In the last presidential vote, Donald Trump was successful in attracting substantial support from those who had sat out previous elections, especially in several of the closest battleground states, new data reveals, The Wall Street Journal reported on Tuesday.
The decisions of these new pool of voters about whether to take part in the midterms will be a key factor in who emerges victorious in next year's elections.
A breakdown of the data illustrates that Trump attracted new supporters to the Republican Party, mainly working class and rural voters, which helps explain how he won 11 million more votes than four years earlier.
But the bad news from the data for the GOP is that Trump lost backing from professional class and suburban voters who more regularly come out to the polling station, which means that Republican will most likely be more reliant on those who need an extra push to turn out again, according to the Journal.
This trend is particularly problematic for the GOP, because in the last election Democrats drew increased backing from those who vote regularly, have college degrees, and higher incomes.
Tom Bonier, chief executive of TargetSmart, a Democrat voter-data firm, that conducted an analysis on the data, explained that "Trump's strategy did alienate higher-educated, white suburban voters," a group he called the "highest-turnout demographic," meaning that to the extent that the Republican Party's coalition is shifting, "that's built on a necessity of turnout among newer and less-likely voters."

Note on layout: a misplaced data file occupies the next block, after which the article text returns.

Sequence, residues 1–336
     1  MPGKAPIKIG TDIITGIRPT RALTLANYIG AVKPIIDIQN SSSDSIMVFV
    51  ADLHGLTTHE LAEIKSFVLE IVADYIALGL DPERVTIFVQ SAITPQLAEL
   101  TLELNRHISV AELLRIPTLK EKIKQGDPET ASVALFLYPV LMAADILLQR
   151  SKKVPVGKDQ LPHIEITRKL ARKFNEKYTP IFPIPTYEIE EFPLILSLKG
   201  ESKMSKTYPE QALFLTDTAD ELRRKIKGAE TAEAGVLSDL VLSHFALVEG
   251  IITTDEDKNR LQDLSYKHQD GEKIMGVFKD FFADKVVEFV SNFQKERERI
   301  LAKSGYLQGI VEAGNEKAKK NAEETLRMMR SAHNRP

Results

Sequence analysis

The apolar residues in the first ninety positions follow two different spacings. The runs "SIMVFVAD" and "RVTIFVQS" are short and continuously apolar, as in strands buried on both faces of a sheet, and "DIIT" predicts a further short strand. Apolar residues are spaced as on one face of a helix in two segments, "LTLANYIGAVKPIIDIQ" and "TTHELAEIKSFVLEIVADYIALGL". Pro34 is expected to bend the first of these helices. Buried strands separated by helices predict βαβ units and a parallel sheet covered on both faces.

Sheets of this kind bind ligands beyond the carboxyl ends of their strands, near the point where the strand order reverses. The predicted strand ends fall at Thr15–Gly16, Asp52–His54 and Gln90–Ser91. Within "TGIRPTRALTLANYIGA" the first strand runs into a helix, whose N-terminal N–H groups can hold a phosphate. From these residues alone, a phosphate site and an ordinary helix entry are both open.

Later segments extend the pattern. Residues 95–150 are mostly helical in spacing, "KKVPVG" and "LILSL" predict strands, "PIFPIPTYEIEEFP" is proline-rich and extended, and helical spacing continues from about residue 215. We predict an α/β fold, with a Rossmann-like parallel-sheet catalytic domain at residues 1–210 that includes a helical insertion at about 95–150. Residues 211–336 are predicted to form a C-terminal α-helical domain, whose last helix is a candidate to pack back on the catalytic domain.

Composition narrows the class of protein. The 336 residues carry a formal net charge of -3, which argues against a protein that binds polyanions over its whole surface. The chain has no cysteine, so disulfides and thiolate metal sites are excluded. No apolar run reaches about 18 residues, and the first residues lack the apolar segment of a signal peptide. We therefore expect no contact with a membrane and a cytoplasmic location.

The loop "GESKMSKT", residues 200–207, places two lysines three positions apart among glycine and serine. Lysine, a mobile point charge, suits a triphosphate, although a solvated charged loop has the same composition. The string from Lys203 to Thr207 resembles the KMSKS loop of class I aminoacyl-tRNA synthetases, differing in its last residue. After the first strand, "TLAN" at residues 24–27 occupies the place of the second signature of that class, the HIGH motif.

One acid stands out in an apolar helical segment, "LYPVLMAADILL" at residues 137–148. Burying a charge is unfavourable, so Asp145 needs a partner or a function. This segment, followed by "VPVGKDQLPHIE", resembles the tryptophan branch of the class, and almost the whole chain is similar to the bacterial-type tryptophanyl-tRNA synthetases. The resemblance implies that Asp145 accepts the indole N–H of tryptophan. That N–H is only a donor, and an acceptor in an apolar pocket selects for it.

Scott Tranter of 0ptimus, a data and analytics firm that works with Republican candidates, agreed.
"The traditional Republican base has a history of turning out," he said. "These new voters who are remaking the Republican base — we still have to see them come out cycle after cycle."
A group of five Democrat polling firms admitted that "Among low propensity voters — people who we expect to vote rarely — the Republican share of the electorate exceeded expectations at four times the rate of the Democratic share."
In addition, in at least three of the most competitive states last year, Republicans had a registration advantage over Democrats among those who were old enough to vote in prior elections but didn't cast ballots until last year, according to TargetSmart.
But a big challenge for Republicans is those who turned old enough to cast ballots for the first time last year, because significantly more of these young voters chose to register as Democrats than as Republicans.
"I would rather be a Democrat trying to convince a young voter who voted for the first time than a Republican candidate trying to see if someone who hadn't voted for 20 years, and I got them to vote once, whether I can get them to vote again," Tranter told The Wall Street Journal. "The younger voters don't have 20 years of not voting."
But Stanley Greenberg, a veteran Democrat pollster, pointed out problems for his party in the midterms, saying a poll he conducted of competitive states and House districts showed that 68% of Republicans held a high level of interest in the 2022 elections, compared with only 57% of Democrats.
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